We’re not born with money knowledge.
Sure, some of us might have a natural fascination with numbers. But at some point we had to actually pick up the personal finance knowledge we use on a daily basis to get ahead.
At MoneyProdigy.com, I’m closing the money education gap, one kid at a time. My hope is to prevent financial catastrophes at the source, before someone misses a mortgage payment.
But what if you never had the chance to get that critical personal finance education back when it could have prevented the financial woes you’re dealing with today?
I want to discuss the 5 money books that I’ve read and that I feel will give you an outstanding foundation for dealing with your own personal financial situations in the most advantageous ways possible.
Heck, read these and you’re on your way to getting your personal finance GED.
Your personal finance books GED study guide:
Money Book #1: The Richest Man in Babylon, George S. Clason
I only paid $0.50 for this book at a used book sale, and can’t believe the amount of personal financial information it opened my eyes to.
And it’s such a short book!
The author has outlined money truths that are as relevant in Ancient Babylon as they were in 1926 when the book was written, and as they are today in the 2000s.
Money Book #2: Your Money or Your Life, Vicki Robin + Joe Dominguez
It’s so easy to think about digits without putting much value or thought into them. You know, like how high (or low) your salary is, what your raise was, how much the movies cost you last weekend.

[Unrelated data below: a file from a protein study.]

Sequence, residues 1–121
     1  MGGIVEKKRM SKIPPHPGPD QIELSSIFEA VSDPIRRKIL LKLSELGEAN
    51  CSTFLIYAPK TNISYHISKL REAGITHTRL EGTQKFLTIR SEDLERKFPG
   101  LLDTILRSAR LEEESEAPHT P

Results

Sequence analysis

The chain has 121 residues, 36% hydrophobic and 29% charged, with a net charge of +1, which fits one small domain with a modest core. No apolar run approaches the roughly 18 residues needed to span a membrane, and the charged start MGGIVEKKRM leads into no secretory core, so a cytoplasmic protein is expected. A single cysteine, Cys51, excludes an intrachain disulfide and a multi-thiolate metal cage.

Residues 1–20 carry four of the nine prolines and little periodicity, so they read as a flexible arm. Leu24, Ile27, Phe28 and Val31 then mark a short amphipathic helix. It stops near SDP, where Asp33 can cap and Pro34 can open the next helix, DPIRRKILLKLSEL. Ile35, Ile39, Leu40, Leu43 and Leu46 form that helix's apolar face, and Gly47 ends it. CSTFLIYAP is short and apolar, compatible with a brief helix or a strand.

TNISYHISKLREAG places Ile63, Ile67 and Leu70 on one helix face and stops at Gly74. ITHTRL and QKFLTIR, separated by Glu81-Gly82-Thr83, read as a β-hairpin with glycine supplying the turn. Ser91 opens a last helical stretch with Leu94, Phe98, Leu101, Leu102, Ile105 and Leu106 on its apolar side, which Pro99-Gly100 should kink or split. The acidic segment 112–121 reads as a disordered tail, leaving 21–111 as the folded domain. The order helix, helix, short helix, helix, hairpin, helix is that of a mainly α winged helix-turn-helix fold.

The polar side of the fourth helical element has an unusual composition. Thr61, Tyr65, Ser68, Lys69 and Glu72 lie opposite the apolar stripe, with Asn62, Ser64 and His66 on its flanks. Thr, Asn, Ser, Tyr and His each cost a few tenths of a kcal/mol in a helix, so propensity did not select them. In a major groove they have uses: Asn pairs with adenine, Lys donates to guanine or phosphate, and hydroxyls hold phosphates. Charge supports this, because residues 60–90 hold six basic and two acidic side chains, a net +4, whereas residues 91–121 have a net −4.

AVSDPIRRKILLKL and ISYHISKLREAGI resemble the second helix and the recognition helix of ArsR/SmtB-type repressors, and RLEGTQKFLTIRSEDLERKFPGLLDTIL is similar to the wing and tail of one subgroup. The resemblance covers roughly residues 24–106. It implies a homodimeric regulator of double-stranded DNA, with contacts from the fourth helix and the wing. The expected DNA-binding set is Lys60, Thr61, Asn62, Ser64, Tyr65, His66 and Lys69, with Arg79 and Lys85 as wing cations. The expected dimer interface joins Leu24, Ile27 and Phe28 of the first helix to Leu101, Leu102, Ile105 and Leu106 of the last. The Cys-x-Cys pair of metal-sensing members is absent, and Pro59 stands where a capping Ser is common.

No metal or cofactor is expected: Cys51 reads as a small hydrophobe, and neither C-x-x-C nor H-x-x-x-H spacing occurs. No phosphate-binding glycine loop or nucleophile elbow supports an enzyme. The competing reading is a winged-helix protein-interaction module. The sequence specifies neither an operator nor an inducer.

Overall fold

But this book will make you think completely differently about the numbers. It’ll introduce you to the concept of Life Energy, and show you how to make sure you’re using yours for your optimal enjoyment (not someone else’s).
This book opened my eyes to the fact that we don’t trade 40-60-80 hours a week for our salary, rather we trade a certain amount of life energy for our salary.
Money Book #3: Rich Dad, Poor Dad, Robert T. Kiyosaki
While I was completely unimpressed while attending one of this man’s free real estate trainings, his book led to an enormous shift in my mind around money.
I can boil it down to this: if you want to be wealthy one day, then you need to spend your money acquiring assets that will work for you, not liabilities that will work against you.
And guess what? Most of what we buy are liabilities. Eye-opening.
Money Book #4: The 4-Hour Workweek, Tim Ferris
You might wonder why I included this one in the list. Honestly, it made such a profound dent in my thinking about money + work, that I couldn’t keep it off.
Is it likely that you will get your workweek down to just 4 hours from reading this book? Probably not. But you’ll begin to think about possibilities of earning income in a manner you probably never have before. Which means you might make some changes that could alter the rest of your working life.
It’s like a mind-bender exercise for our 9-5 world! Think lifestyle design, mini-retirements, and outsourcing, all things which I have dabbled in since being inspired by this book.
Money Book #5: The Millionaire Next Door, Thomas J. Stanley + William D. Danko
Many people with high incomes think they are wealthy. This book will open your eyes to the fact that that is entirely untrue. You can earn a huge income but if you spend most of it then you aren’t actually wealthy.
This book drives home the fact − besides that the Joneses aren’t exactly who you think they are − that if you want to be wealthy you have to actually accumulate part of your salary.
This is my list. What would you include on a must-read list for a personal finance GED?